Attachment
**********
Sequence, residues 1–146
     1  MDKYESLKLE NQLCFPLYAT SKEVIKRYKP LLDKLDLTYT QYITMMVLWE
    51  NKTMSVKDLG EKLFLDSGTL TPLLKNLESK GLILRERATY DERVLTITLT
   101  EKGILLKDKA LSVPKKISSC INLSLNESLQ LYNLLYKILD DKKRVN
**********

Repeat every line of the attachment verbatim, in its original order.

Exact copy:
Sequence, residues 1–146
     1  MDKYESLKLE NQLCFPLYAT SKEVIKRYKP LLDKLDLTYT QYITMMVLWE
    51  NKTMSVKDLG EKLFLDSGTL TPLLKNLESK GLILRERATY DERVLTITLT
   101  EKGILLKDKA LSVPKKISSC INLSLNESLQ LYNLLYKILD DKKRVN